PISCATAWAY — The Atlantic City High School boys basketball team’s thrilling postseason run ended Friday night.

The Vikings can take solace in that took a national power to end their season.

St. Anthony of Jersey City overwhelmed the Vikings and won the Tournament of Champions semifinal 72-42 at Rutgers Athletic Center. USA Today ranks St. Anthony No. 3 in the country. The Friars (31-0) have won 64 straight games over two seasons.

Kashawn Dunston scored 15 points for Atlantic City. St. Anthony’s Kyle Anderson, whose family has Cape May roots, sparked the Friars with 20 points, seven rebounds and five assists.

“It’s not disappointing to be overwhelmed by a team like that,” Atlantic City coach Gene Allen said. “We’re just in line with 30 other teams that got overwhelmed during the season.”

The TOC consists of the six teams that won state titles. Fourth-seeded Atlantic City won the Group IV title. Top-seeded St. Anthony, who also won the TOC last season, is the Non-Public B champion.

The Friars dominated the first quarter. Isaiah Graves sank a 3-pointer to give the Vikings a 3-2 lead with 7 minutes, 14 seconds left in the first quarter.

It was Atlantic City’s only lead. St. Anthony responded with an 18-1 run to take control.

Atlantic City wilted under St. Anthony’s defensive pressure. The Vikings committed seven turnovers in the first quarter. St. Anthony converted many of them into easy baskets. The Friars sank 9-of-12 shots in the first in eight minutes.

St. Anthony geared its defense toward stopping Atlantic City point guard Martel Johnson.

“We always talk about trying to cut the head off,” St. Anthony coach Bob Hurley said, “and he was clearly the head (of the Vikings).”

St. Anthony guard Josh Brown hounded Johnson everywhere he went.

“It was tough,” Johnson said. “They play good help defense and draw charges.”

The Vikings also could not cover Anderson, who showed why he is one of the nation’s top high school players and headed to UCLA on a scholarship. The 6-foot-8 Anderson showed his versatility in the first half, scoring in the lane and then banking in a fadeaway 17-footer. Most of Anderson’s assists resulted in easy layups for teammates.

Even when the Vikings did something right, St. Anthony and Anderson recovered.

The Vikings trapped Anderson on the baseline in the second quarter. Anderson stayed poise and fired a pass to an open Jerome Fink for a layup that gave St. Anthony a 34-8 lead with 3:35 left in the first half.

“It was almost like watching an NBA guy against high school kids,” Allen said. “Whenever they’re in trouble, they get it to him and he makes the difference. You’re trying to coach against him but at the same time you’re admiring him as a player.”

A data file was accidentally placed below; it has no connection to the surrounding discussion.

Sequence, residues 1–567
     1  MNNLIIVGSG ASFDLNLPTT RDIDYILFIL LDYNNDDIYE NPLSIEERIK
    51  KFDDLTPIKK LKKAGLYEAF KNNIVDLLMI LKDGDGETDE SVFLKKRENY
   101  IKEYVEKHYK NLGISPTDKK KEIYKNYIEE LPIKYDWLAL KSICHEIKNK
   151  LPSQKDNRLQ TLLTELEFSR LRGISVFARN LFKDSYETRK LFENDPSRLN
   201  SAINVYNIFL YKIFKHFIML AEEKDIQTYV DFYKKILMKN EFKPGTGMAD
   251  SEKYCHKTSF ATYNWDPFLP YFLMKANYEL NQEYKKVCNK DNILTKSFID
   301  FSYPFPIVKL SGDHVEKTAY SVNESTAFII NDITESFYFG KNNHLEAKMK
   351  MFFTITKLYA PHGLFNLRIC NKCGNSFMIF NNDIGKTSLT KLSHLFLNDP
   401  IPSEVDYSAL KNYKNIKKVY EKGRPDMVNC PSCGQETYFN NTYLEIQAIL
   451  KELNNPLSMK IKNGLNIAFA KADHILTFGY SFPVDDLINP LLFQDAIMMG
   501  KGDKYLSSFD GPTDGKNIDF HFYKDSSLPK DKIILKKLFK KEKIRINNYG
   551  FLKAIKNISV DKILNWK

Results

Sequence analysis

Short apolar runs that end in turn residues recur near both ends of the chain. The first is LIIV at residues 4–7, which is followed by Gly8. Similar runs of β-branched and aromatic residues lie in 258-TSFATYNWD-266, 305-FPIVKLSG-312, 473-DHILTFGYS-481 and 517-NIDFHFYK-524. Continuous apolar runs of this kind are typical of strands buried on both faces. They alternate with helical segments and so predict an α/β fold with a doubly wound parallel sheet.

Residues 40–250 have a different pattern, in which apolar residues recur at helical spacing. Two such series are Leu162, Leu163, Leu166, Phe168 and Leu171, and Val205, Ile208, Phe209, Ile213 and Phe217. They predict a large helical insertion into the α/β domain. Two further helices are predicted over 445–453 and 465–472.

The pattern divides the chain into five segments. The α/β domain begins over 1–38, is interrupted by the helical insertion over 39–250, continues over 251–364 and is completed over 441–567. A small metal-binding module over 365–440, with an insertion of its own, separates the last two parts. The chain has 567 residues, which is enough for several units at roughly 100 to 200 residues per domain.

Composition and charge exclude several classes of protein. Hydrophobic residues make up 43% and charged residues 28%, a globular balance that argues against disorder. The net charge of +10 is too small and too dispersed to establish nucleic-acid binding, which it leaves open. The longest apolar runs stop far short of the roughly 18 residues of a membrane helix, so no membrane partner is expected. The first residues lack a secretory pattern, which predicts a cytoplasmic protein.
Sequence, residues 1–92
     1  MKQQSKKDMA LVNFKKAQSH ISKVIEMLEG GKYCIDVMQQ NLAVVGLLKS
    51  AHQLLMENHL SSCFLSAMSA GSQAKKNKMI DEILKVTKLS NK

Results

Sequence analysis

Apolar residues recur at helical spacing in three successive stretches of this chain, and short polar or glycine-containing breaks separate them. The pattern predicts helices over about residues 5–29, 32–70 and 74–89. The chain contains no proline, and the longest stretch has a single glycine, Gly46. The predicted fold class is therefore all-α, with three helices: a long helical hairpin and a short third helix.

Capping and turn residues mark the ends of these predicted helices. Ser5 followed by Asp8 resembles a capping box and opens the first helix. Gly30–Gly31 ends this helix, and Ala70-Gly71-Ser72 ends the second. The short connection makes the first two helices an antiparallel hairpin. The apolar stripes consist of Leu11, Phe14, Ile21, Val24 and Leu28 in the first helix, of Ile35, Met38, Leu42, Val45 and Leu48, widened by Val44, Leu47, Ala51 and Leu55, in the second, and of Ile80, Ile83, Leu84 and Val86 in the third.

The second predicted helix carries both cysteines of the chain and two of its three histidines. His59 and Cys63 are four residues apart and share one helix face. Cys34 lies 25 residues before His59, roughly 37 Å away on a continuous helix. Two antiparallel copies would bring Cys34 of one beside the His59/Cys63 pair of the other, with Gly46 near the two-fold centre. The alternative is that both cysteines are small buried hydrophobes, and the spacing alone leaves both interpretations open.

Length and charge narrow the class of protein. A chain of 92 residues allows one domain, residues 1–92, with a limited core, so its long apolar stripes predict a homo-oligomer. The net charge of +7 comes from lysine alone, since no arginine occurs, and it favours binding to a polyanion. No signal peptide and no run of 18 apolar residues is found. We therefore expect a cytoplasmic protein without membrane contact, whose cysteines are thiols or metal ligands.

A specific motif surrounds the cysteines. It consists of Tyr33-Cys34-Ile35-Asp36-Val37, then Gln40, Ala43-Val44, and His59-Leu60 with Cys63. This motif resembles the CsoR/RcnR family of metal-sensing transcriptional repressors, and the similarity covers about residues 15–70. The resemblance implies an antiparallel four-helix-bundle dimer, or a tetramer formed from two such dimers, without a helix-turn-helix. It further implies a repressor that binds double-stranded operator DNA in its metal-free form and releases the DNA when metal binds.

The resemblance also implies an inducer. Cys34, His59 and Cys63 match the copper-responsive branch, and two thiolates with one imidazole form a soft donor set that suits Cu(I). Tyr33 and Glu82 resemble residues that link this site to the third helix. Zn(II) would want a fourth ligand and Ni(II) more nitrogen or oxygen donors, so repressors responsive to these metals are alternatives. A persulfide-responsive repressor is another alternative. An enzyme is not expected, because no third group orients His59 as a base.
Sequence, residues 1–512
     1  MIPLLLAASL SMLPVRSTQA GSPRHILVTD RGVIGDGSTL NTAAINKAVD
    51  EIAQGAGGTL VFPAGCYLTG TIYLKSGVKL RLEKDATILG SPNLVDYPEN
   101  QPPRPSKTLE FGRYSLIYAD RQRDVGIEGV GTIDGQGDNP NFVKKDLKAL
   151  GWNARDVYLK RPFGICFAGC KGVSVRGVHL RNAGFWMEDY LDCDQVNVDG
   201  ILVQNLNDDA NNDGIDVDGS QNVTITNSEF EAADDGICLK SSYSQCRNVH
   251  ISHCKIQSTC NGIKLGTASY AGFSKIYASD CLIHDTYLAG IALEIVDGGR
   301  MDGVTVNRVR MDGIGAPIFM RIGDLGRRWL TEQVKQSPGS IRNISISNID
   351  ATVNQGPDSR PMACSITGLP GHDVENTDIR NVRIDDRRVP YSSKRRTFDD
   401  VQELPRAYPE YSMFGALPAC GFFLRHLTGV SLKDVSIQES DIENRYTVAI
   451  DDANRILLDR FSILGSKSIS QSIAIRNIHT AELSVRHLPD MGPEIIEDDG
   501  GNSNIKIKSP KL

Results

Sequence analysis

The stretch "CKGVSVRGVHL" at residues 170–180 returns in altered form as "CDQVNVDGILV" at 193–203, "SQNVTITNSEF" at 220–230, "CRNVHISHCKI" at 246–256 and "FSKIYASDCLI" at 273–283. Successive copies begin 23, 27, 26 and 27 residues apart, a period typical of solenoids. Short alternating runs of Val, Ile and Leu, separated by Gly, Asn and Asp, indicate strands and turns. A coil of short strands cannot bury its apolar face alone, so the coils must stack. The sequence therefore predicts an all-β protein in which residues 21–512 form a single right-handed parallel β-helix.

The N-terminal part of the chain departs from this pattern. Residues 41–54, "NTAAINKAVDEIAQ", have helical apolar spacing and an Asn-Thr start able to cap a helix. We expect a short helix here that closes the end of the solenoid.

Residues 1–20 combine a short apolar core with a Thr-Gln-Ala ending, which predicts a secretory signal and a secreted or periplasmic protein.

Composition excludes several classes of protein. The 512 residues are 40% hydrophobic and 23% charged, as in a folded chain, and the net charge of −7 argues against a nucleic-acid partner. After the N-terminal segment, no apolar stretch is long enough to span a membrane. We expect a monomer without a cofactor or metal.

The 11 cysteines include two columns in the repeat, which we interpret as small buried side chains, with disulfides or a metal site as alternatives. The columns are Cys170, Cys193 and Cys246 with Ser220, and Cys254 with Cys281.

Atlantic City never stopped playing hard despite the score. The Vikings fans also stayed enthusiastic.

Dunston gave the Vikings a reason to feel good when he scored eight points in the final 1:30 of the first half. Dunston stole the ball and drove for a dunk and then made consecutive 3-pointers. Atlantic City still trailed by 25 at halftime.

“I didn’t want to go out losing real bad,” Dunston said. “I wanted to try to make a run.”

Dunston’s efforts also caught St. Anthony’s eye.

“They showed they weren’t going anywhere,” Hurley said of the Vikings. “We came in at halftime and said, ‘We need to win the third quarter for this (game) to be done.’ If we don’t win the third quarter, God knows what could happen in the fourth quarter.”

The Friars did just what their coach said they must. Anderson sank a 3-pointer from the left wing to put St. Anthony up 58-26 with four seconds left in the third quarter.

Allen played Atlantic City seniors Dunston, Johnson, Ahmad McKinley, Keyshawn Reynolds and Qua’shawn Dorn for most of the fourth quarter.

The Vikings’ fans gave the five a standing ovation when they left the game.

St. Anthony will meet third-seeded Plainfield (30-3) for the TOC title at 8 p.m. Tuesday at the Izod Arena in East Rutherford. Plainfield beat second-seeded St. Joseph-Metuchen 70-48 in Friday’s other semifinal.

Meanwhile, Allen called Friday’s loss a teachable moment for the Vikings.

“Now our guys got a taste of what it actually takes to be on this stage,” Allen said. “Now I can go back a month from now and tell my kids why they need to be in the weight room and why they need to take extra shots.”

Despite the defeat, this was one of the best seasons in Atlantic City history. The Vikings’ only other state title came in 2005.

It would be tough to find an Atlantic City season more memorable than this one.

The Vikings won seven games in the state tournament. They rallied from second-half deficits to win six of them. Three of the victories came in overtime.

“The last two weeks have been an enjoyable ride,” Allen said. “It feels good. The program is where we want it to be, but now we have to take the next step. I need to improve as a coach, my kids need to improve, so we can be on a level with a St. Anthony. The only way you do that is to roll your sleeves up and get back at it.”

Atlantic City’s first practice of the 2012-13 season is Nov. 26.

Contact Michael McGarry:


Atlantic City 6 10 12 14—42

St. Anthony 22 19 17 14—72

AC—Johnson 2 0-0 4, Dunston 6 1-2 15, Chandler 1 0-2 2, Montague 2 3-4 7, D. Reynolds 2 0-0 4, Graves 1 0-0 3, McKinley 2 0-2 4, Lowe 1 0-0 3. Totals—17 4-10 42.

SA—Brown 4 1-2 9, Cooke 5 0-0 10, Anderson 8 3-3 20, Jenkins 3 0-0 6, Frink 6 1-2 13, Carey 2 2-2 6, Brooks 1 0-0 2, Smith 0 1-2 1, Molic 2 0-0 5. Totals—31 8-11 72.

3-pointers—Dunston (2), Graves, Lowe AC. Anderson, Molic SA.

Records—Atlantic City 26-6; Sr. Anthony 31-0.